Nurburgring Auction Details:
- Recent track records: Porsche 918 Spyder Hybrid broke seven minute record, Alfa Romeo4C set 250hp and under class record
- In two years, three deaths and 230 accidents have occurred
- Yearly revenue est. 50-60 million euros (67 - 82 million dollars) annually
- Underlying annual profits of 6-8 million (8.1 - 10 million dollars)
When you think of the most famous and dangerous track in the world, only one name should come to mind: Nurburgring. Ever since Niki Lauda's fiery crash in the 1976 Formula 1 season, this famous German track has been deemed unsafe for F1. But today auto manufacturers use the track for what is seen as the ultimate test of an automobile.
We have recently reported two significant achievements by automakers including: the Porsche 918 Spyder Hybrid breaking the seven minute record around the Ring. Along with the Alfa Romeo4C that set a record for cars equipped with under 250hp. Whether it be production based achievements or racing events, this track is still known best for one thing, death.
In just two years, three deaths and 230 accidents have occurred. Most tracks rarely see that many in a decades time. Lamborghini boss Stephan Winkelmann, who lost a friend to the Nurburgring in 2001, commented,"F1 doesn't race on such long distances anymore because it's very difficult to control."
"It's the toughest track by miles," Vincent Radermecker, a Belgian driver who has raced in the World Touring Car Championship among others. "If you make a mistake here, you destroy the car, and yourself."
It is the world's longest track with over 13 miles and 73 bends, with elevation changes that would make anyone's stomach churn. But the distance isn't what is most dangerous; it's the fact that even the smallest of errors can cause even the most accomplished of drivers to end up in the wall at very high speeds.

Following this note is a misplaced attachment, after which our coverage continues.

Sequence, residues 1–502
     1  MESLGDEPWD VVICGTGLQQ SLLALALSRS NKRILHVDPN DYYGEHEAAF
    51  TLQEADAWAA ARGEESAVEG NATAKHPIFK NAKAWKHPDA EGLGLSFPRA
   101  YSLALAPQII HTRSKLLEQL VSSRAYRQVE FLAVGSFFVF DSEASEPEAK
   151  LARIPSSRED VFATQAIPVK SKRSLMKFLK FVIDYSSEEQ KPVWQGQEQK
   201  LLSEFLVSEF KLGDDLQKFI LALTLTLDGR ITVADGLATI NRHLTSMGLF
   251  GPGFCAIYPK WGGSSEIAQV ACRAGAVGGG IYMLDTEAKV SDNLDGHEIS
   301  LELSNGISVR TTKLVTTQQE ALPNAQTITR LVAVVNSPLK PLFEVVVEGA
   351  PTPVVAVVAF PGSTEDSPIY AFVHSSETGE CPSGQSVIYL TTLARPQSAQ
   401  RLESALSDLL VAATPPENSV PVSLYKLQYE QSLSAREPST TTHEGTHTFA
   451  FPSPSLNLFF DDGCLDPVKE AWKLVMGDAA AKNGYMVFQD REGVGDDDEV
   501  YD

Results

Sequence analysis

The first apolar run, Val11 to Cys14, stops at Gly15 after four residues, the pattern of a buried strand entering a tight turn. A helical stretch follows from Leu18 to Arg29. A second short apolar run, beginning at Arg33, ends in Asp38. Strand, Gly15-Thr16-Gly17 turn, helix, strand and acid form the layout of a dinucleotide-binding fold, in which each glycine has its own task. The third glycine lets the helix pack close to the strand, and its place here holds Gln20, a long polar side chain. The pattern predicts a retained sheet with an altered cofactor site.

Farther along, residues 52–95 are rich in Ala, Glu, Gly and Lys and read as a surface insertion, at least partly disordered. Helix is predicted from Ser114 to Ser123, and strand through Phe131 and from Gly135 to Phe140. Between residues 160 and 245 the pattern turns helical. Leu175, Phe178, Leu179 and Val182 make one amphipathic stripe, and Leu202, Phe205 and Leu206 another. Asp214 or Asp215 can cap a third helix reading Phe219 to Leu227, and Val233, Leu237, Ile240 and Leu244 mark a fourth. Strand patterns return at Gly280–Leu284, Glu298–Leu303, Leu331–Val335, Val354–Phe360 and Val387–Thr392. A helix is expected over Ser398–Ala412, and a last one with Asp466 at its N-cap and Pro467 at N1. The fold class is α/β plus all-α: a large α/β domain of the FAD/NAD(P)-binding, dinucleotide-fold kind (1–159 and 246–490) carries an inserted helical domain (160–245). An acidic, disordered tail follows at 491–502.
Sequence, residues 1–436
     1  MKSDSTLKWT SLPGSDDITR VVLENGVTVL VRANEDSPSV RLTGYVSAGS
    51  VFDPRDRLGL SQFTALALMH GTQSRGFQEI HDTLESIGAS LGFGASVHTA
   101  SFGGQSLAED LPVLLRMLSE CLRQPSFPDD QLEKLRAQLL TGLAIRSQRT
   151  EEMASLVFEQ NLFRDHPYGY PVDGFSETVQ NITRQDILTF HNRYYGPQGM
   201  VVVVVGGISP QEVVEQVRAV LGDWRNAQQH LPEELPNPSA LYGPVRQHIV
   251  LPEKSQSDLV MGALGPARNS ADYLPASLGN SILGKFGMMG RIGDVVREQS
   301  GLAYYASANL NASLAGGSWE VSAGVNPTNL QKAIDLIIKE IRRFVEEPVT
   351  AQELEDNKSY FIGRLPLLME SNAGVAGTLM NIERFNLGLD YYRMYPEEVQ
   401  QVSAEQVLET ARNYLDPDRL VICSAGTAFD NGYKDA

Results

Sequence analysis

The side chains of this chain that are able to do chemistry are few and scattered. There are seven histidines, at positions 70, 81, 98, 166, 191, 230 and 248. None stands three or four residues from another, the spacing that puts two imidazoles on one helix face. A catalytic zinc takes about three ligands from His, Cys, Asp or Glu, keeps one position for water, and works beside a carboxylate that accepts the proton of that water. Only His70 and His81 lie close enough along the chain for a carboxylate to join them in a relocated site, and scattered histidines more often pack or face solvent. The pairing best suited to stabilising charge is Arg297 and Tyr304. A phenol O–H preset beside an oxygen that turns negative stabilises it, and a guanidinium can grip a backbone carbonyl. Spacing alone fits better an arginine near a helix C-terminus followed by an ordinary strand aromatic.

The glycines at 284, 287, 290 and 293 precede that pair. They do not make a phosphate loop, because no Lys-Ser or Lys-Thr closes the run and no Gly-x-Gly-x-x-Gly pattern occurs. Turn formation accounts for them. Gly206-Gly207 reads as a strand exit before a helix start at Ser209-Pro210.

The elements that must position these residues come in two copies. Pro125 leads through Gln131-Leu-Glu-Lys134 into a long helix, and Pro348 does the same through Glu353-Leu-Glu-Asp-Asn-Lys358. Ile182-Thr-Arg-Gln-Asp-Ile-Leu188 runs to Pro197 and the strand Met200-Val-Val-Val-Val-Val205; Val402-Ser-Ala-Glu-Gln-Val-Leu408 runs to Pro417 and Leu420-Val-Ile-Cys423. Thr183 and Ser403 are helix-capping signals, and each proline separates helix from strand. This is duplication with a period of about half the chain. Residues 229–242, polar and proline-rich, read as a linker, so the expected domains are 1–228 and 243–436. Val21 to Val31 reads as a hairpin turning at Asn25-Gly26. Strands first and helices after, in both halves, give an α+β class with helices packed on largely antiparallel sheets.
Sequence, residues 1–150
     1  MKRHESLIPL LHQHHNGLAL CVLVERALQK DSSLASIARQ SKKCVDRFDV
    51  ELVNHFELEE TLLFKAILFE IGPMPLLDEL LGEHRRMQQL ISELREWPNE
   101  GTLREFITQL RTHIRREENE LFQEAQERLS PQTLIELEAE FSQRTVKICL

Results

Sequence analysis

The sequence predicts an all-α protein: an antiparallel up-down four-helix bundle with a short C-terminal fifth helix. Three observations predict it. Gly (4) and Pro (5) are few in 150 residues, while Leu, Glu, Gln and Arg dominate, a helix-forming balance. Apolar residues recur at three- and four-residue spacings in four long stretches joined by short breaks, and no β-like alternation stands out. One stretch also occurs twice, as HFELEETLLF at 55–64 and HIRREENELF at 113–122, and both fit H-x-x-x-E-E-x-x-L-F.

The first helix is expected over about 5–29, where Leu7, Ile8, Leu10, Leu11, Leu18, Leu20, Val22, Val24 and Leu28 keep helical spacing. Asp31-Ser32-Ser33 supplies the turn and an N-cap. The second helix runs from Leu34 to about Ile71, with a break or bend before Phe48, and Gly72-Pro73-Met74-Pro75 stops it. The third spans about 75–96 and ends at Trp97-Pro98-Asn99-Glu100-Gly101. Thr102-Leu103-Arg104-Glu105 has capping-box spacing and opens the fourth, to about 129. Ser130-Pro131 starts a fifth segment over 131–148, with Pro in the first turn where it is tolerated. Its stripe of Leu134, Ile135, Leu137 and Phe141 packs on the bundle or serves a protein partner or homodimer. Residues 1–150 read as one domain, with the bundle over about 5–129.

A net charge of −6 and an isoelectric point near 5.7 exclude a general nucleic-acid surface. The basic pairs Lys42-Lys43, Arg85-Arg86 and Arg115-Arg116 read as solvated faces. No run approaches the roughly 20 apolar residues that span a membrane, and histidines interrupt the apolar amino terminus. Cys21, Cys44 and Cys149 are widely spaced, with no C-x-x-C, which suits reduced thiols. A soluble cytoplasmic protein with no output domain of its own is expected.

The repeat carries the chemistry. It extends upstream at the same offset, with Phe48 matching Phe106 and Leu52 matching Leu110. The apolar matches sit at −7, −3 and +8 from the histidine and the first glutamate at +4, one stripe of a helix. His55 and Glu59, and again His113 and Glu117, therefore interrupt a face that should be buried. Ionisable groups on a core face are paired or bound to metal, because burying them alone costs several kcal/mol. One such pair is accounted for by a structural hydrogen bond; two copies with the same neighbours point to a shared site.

What the Ring is currently best known for is the grueling testing and record breaking done by automakers if not for bragging rights then for demonstrating what their vehicles are made of.
"The Nurburgring is without a doubt the cradle of German motorsports...It's an automotive cultural treasure," said Peter Meyer, President of German motoring club ADAC.
Hyundai's European marketing chief, Mark Hall said, "Anything we can make of that facility and the link between the Nurburgring and Hyundai is fantastically useful for me." And this rings especially true for the automaker considering nearly 7 million euros (9.5 million dollars) was spent building a new trackside test center. Hyundai are among five other carmakers to do so. This is all of course in hopes of inching closer to European rivals achievements.
Currently the track brings in a routine amount of revenue with the help of an adjacent amusement park, featuring a rollercoaster that mimics the g-force of an F1 car. Revenue is around 50-60 million euros (67 - 82 million dollars) annually, but underlying profits are est. annually at 6-8 million (8.1 - 10 million dollars).
And while parts of the year, the Ring remains closed to the public, those times when it is open, anyone with four wheels can drive the track for only 26 euros ($35) per lap. At least we can be reassured that by law, whoever buys up the track is required to keep it open to the public and the auto industry.
Even with these insane numbers, we won't be surprised once we learn who snatches up this dangerous piece of history.